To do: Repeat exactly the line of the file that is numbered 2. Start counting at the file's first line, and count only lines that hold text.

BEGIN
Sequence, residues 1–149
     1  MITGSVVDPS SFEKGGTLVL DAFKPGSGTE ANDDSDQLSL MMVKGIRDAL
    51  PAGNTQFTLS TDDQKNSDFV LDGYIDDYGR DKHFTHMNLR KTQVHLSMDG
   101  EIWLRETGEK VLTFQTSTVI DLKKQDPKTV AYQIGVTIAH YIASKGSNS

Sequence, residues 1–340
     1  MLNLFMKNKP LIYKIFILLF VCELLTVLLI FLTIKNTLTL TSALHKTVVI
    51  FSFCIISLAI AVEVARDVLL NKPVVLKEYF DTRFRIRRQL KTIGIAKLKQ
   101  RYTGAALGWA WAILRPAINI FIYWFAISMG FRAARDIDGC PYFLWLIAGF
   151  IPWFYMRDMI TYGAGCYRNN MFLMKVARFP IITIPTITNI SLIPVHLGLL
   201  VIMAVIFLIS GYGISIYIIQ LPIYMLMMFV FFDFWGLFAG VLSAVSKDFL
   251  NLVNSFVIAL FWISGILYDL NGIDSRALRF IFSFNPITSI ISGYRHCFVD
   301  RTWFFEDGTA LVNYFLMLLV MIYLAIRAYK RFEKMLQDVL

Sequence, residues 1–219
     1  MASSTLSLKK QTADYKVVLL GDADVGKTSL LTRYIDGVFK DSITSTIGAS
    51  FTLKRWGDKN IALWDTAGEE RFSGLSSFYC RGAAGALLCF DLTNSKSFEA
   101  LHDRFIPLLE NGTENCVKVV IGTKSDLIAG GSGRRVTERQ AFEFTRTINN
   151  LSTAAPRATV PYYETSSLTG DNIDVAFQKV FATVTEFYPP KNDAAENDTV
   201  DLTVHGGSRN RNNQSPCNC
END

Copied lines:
     1  MITGSVVDPS SFEKGGTLVL DAFKPGSGTE ANDDSDQLSL MMVKGIRDAL